I didn’t do anything to the pig skin, but would highly recommend doing a dry marinade of 1 part baking powder and 4 parts salt overnight. Wipe that stuff off the next day, season and smoke until they start popping on the skin then give them a sear. It’s next to impossible to dry these out. I had left the tomahawk chops in the fridge a couple days before we cooked them so they must’ve dried out a bit in the fridge. The science is this, if there is too much moisture in the fat and skin, we won’t get that crackling on the skin. 

Before we get to the real recipe, I want to answer a question.

What is the secret to making tender and juicy pork chops?

The key is to reverse sear the chops. By slow cooking the pork it breaks down the connective tissues while keeping the juice inside the meat. Then, we do the sear at the end after the chops have come up just short of the target temperature. Speaking of that target temperature. We only need to cook pork chops to 145F according to the USDA which means a little pink is just fine and thus the meat will be more tender and juicy.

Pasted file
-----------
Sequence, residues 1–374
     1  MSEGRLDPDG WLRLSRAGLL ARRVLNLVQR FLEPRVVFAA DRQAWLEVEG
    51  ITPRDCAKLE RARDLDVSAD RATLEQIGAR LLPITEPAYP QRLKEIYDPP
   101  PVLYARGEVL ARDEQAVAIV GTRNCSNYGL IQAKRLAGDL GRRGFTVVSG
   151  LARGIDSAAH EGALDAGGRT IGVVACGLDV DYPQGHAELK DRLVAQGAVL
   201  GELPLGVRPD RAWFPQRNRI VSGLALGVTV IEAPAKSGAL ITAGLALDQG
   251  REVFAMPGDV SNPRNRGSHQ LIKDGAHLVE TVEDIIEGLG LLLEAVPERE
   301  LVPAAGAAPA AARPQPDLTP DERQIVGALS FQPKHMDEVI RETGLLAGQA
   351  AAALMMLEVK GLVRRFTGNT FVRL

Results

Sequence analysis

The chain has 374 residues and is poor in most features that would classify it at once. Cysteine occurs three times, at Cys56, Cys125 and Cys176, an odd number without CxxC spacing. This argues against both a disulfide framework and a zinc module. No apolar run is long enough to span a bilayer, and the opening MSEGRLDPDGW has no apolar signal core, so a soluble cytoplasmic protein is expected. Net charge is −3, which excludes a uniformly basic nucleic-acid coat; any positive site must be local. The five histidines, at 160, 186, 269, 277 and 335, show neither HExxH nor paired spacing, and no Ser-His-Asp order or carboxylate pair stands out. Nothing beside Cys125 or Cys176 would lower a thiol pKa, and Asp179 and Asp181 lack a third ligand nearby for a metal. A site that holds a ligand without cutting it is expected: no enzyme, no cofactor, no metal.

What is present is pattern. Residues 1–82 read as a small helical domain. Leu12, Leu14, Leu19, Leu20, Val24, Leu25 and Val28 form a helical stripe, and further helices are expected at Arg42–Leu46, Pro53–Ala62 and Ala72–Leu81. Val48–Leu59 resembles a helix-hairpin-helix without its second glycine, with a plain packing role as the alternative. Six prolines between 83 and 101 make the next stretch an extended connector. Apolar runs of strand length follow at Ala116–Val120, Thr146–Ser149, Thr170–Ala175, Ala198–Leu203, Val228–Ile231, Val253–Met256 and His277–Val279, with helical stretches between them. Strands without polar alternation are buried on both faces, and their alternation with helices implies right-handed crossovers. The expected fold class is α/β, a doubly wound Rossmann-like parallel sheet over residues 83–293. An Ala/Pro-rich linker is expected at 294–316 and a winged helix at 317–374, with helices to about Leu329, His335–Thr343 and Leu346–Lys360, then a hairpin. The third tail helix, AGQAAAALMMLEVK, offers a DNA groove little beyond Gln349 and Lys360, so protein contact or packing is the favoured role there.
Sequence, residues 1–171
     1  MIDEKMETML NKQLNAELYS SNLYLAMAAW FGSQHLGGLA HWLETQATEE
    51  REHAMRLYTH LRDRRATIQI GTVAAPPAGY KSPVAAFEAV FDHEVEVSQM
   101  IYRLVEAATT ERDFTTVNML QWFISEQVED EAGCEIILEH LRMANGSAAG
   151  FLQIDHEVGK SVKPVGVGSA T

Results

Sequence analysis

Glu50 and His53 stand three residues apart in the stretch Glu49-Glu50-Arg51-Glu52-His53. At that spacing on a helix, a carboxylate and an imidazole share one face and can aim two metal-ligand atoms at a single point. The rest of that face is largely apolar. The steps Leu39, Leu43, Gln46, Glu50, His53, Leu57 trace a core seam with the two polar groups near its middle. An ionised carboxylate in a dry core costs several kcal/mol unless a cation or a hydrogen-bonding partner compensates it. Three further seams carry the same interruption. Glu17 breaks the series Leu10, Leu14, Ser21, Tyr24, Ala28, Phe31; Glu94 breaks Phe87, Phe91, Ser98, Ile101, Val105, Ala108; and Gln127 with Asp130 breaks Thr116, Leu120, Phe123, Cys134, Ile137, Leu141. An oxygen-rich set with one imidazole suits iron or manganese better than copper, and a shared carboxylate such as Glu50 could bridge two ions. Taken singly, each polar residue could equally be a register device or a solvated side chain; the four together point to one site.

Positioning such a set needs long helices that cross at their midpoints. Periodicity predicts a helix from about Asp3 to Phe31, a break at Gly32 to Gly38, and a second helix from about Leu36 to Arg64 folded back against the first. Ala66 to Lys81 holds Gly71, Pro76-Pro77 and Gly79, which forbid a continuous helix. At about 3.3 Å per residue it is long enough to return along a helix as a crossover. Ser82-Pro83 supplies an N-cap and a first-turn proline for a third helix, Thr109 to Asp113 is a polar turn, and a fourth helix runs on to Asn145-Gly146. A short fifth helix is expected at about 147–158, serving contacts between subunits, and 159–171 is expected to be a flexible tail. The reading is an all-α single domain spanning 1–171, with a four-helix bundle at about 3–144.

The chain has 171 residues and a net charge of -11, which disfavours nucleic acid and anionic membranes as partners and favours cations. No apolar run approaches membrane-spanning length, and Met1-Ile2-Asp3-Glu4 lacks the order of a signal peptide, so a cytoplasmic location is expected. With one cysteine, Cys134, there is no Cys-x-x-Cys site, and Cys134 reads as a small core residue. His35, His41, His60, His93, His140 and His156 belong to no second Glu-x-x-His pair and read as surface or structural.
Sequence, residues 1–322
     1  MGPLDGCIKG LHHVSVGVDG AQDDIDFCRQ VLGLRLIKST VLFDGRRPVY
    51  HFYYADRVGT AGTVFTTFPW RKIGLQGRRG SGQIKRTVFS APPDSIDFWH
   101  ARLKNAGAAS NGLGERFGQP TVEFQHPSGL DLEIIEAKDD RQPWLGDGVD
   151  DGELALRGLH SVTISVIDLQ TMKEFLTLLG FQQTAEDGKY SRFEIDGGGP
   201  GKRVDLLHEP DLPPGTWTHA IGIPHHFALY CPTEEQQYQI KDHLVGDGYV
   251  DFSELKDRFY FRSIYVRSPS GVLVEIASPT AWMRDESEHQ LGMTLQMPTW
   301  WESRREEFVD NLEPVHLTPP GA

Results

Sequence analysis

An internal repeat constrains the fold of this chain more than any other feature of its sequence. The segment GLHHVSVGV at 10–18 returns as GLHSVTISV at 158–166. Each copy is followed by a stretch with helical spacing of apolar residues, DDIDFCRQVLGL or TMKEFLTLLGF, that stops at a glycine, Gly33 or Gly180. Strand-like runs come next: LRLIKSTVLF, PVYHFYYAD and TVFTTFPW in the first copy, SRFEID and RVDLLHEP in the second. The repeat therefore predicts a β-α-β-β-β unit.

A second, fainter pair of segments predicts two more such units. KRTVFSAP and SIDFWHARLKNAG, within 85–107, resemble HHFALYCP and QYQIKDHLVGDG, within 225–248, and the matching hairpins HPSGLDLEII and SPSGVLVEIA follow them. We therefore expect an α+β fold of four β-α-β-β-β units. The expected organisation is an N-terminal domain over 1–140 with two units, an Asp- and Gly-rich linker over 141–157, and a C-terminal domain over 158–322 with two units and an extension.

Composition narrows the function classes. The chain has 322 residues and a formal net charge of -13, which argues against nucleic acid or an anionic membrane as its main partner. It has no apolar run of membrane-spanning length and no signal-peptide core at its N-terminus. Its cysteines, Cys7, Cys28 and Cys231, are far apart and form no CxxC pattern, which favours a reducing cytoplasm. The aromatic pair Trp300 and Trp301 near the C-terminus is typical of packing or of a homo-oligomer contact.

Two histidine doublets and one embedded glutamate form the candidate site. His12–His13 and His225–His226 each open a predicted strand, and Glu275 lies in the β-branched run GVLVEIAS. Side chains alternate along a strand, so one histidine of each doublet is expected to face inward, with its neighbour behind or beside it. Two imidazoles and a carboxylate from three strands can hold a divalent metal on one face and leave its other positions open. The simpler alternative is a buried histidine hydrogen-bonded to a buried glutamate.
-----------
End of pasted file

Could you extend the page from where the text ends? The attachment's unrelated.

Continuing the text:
OK, back to the bone in pork chop recipe.

Reverse Seared Tomahawk Pork Chops Ingredients:

  • 4 tomahawk pork chops with pork belly on the bone
  • Your favorite barbecue rub
  • Salt to taste
  • Your favorite dipping sauce

You can see that I only reverse sear two tomahawk chops in this recipe. There aren’t really any measurements with these ingredients. Two of these will easily feed four people. Four will feed eight. Just be cognizant of the room you have on the grill. These chops are not small.